IATA Emphasises Asia-Pacific Objectives Post COVID-19
As the Asia-Pacific area moves forwards from COVID-19, the International Air Transport Association (IATA) urged the region to prepare for the expected spike in traffic.
The airline industry has faced numerous challenges over the previous three years. Asian airlines were especially heavily impacted, contributing to roughly one-third of the industry’s losses between 2020 and this year.
With the area now emerging from COVID-19, governments will play a critical role in speeding recovery and supporting the industry’s long-term growth, according to Conrad Clifford, Senior Vice President and Deputy Director General of IATA.
Clifford spoke at the Assembly of Presidents of the Association of Asia Pacific Airlines (AAPA) in Bangkok.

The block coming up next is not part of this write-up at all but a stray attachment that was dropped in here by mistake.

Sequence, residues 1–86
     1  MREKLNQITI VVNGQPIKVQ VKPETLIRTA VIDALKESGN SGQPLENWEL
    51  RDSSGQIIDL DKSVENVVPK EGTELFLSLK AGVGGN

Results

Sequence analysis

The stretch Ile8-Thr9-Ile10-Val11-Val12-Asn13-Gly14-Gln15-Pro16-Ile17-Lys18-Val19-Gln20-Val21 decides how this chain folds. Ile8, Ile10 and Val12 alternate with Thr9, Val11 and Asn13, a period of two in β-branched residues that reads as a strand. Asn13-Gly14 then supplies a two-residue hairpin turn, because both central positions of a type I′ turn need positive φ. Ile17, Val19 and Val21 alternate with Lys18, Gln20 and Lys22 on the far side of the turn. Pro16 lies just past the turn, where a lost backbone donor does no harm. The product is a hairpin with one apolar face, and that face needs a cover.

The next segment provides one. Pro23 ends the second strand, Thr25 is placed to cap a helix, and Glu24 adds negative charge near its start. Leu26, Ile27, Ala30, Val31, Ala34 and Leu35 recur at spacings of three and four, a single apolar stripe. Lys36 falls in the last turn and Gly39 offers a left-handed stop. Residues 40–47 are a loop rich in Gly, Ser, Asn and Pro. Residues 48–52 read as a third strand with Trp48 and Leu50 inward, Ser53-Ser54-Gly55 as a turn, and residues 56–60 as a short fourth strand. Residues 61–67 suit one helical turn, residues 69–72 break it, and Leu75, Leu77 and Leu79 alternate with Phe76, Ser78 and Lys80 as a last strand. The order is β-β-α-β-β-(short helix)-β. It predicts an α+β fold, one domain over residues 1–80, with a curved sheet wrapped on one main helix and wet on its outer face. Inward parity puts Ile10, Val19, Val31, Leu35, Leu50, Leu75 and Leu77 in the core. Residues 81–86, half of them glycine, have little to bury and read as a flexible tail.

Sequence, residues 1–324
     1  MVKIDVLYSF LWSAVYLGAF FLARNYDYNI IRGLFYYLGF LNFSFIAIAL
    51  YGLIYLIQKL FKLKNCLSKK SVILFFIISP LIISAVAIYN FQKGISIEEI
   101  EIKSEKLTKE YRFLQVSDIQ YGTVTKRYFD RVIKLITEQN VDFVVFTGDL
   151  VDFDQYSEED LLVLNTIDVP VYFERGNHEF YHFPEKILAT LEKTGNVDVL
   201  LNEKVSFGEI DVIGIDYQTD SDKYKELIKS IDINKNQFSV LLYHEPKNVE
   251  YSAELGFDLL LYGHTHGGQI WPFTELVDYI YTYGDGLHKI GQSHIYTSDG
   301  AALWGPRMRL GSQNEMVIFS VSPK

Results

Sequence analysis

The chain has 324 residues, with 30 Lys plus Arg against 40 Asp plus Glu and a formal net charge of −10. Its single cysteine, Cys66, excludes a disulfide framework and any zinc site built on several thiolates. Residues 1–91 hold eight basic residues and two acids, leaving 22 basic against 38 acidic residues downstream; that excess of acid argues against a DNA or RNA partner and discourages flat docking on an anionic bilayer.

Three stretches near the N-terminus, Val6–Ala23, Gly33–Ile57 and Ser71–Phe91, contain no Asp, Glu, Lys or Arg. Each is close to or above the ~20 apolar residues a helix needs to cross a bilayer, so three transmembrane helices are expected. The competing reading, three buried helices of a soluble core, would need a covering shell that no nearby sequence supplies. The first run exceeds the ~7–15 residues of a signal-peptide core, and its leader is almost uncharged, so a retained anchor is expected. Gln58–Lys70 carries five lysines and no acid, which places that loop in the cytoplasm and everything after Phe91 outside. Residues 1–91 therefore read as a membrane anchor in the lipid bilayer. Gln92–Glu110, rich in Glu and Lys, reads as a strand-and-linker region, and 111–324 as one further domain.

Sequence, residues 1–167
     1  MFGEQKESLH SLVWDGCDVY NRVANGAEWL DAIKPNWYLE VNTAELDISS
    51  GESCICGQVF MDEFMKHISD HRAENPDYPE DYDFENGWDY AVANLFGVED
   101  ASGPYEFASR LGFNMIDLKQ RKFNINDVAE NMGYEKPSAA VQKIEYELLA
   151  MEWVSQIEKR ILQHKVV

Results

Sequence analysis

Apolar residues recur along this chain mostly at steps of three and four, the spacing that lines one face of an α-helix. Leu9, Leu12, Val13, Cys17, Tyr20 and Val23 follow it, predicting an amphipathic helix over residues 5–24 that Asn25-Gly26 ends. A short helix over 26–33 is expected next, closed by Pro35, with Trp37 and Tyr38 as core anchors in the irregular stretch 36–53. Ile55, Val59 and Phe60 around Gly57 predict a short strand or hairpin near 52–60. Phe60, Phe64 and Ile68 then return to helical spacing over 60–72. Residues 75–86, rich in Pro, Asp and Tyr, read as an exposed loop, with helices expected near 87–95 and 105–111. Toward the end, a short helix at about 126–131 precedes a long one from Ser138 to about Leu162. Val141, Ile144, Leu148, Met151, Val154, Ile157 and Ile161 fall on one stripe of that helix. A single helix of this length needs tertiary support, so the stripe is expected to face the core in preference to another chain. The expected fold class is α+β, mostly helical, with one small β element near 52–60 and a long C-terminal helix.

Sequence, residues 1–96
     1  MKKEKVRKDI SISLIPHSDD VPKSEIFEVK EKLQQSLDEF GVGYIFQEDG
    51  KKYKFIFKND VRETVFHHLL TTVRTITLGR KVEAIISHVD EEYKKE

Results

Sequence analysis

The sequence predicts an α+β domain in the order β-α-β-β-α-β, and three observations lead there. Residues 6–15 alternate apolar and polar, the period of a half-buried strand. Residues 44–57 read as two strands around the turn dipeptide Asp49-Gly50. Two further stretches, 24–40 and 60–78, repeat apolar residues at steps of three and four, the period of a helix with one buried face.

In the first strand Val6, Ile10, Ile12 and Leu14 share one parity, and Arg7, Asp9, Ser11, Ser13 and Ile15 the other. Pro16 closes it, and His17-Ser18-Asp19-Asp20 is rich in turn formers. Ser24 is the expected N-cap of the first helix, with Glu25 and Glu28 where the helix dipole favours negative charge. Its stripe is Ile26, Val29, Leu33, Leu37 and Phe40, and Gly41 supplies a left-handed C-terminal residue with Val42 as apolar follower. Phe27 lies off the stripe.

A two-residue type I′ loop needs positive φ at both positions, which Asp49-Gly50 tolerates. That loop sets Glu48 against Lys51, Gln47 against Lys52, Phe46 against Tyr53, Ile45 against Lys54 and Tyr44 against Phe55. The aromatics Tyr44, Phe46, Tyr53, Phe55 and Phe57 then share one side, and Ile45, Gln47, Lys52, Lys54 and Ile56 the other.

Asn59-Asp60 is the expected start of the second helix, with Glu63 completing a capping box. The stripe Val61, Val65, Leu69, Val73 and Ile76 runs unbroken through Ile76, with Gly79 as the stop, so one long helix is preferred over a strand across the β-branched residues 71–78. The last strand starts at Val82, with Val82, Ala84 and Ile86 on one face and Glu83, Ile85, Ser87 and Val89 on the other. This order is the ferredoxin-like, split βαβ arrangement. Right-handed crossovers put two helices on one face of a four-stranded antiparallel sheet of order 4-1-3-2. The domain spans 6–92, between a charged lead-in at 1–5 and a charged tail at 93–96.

Asia has lagged behind. Last year, the rest of the world began to relax restrictions and reopen borders.
However, the upward momentum in Asia did not emerge until about April of this year.
As a result, international passenger demand was only 41.5% of 2019 levels in September, the lowest among regions, according to Clifford.
North American carriers led the way with 89% of 2019 levels, while the other regions ranged from 73% to 83%.
Governments in Asia-Pacific can help to speed up the recovery. There is no reason why we cannot continue to travel as we did before the pandemic. The region must also prepare for an increase in traffic.
The delays and congestion faced in Europe and North America should serve as a stern message to Asian airports and government organisations.
Clifford believes that now is the time to build capacity in terms of infrastructure and staffing.
IATA also advocates for greater digitisation of processes to accommodate the increased traffic.
Clifford acknowledged that the region’s development would be hampered if China remained closed to outside tourism.
They must learn how to live, travel, and work with COVID-19. He expressed hope that the Chinese leadership will have the confidence to reopen its borders and reconnect with the rest of the world soon.